Barry Allen's new book carefully considers the problem of knowledge in a range of Chinese philosophical discourses, creating a stimulating cross-disciplinary dialogue that's as much of a pleasure to read as it will be to teach with. Taking on the work of Confucians, Daoists, military theorists, Chan Buddhists, Neo-Confucian philosophers, and others, Vanishing into Things: Knowledge in Chinese Tradition (Harvard University Press, 2015) looks at the common threads and important differences in the ways that scholars have attempted to conceptualize and articulate what it is to be a knowing being in the world. Some of the major themes that recur throughout the work include the nature of non-action and emptiness, the relationship between knowledge and scholarship, the possibility of Chinese epistemologies and empiricisms, and the importance of artifice. Allen pays special attention to the ways that these scholars relate knowledge to a fluid conception of "things" that can be "completed" or "vanished into" by the knower, and to their understanding of things as parts of a collective economy of human and non-human relationships. The book does an excellent job of maintaining its focus on Chinese texts and contexts while making use of comparative cases from Anglophone and European-language philosophy that brings Chinese scholars into conversation with Nietzsche, Latour, Deleuze and Guattari, Plato, Aristotle, Machiavelli, and beyond - 1 hour interview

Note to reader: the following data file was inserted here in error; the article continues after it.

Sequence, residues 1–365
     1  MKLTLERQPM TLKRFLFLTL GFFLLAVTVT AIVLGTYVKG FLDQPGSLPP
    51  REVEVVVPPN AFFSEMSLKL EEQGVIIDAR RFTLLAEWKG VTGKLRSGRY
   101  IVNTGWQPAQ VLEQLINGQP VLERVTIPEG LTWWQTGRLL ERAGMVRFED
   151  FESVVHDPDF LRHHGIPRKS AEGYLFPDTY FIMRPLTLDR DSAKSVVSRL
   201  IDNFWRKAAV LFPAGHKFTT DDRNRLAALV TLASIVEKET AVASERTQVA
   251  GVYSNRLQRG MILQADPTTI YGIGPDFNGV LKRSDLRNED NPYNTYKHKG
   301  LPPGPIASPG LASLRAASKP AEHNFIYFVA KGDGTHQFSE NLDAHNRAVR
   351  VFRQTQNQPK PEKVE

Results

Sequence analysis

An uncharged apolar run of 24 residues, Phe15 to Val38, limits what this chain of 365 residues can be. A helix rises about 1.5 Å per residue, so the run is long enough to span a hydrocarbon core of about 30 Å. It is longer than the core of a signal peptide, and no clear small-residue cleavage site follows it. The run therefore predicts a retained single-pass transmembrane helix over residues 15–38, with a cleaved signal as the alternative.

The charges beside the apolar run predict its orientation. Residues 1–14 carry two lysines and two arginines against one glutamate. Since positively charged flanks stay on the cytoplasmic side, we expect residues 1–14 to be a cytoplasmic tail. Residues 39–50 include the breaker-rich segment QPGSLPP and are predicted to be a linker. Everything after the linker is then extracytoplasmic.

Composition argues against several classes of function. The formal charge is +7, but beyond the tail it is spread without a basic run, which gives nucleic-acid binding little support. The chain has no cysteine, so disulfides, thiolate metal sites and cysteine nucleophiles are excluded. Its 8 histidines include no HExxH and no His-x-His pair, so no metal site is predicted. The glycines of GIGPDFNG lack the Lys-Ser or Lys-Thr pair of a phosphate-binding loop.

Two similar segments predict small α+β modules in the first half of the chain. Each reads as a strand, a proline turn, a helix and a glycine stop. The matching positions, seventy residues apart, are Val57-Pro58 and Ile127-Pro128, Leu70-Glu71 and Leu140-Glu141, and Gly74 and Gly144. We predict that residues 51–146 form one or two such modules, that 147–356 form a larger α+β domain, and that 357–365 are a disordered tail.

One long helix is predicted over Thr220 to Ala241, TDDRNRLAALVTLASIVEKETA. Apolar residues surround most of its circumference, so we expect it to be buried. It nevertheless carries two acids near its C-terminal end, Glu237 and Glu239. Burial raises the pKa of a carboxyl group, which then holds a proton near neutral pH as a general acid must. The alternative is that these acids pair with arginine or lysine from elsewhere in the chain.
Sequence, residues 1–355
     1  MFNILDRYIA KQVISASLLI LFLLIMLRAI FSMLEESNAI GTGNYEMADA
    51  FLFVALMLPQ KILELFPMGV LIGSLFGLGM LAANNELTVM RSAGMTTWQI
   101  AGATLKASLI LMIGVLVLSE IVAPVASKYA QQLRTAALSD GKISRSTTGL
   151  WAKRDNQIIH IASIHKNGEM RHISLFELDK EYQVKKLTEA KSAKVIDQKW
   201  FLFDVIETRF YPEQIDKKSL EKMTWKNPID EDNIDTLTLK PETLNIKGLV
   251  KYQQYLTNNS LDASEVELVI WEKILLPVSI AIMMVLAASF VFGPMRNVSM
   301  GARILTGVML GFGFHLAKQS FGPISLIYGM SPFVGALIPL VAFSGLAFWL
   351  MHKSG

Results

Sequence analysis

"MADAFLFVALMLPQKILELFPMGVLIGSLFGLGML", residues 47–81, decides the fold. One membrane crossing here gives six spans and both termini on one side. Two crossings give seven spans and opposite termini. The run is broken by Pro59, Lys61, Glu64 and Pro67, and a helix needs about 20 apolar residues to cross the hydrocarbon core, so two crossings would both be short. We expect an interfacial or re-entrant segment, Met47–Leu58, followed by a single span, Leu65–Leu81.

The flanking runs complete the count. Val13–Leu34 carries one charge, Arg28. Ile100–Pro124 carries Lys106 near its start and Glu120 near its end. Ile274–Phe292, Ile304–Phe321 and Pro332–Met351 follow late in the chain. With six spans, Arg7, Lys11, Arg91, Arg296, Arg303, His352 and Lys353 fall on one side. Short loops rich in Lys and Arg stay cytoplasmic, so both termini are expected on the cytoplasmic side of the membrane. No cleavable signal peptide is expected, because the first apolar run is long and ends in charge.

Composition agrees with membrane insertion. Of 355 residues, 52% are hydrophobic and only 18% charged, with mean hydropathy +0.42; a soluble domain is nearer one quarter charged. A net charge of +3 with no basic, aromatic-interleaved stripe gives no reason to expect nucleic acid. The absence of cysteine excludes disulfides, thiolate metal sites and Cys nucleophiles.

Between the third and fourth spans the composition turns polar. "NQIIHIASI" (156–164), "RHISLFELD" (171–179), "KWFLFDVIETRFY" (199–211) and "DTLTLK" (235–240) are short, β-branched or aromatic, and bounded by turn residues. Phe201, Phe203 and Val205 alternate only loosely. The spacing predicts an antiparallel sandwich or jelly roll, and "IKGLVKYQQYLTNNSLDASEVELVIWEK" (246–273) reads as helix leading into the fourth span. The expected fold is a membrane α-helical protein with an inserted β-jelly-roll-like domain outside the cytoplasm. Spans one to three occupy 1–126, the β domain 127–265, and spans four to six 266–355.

books  interview  audio  intellectual_history  Chinese_philosophy  China  Chinese_history  Asian_philosophy  epistemology  Buddhism  Confucianism  empiricism  epistemology-social  ontology  human_nature  human-non-human_relations  military_theory  military_history  Neo-Confucian  Nietzsche  Deleuze  Aristotle  Machiavelli  Plato  Latour  consciousness  perception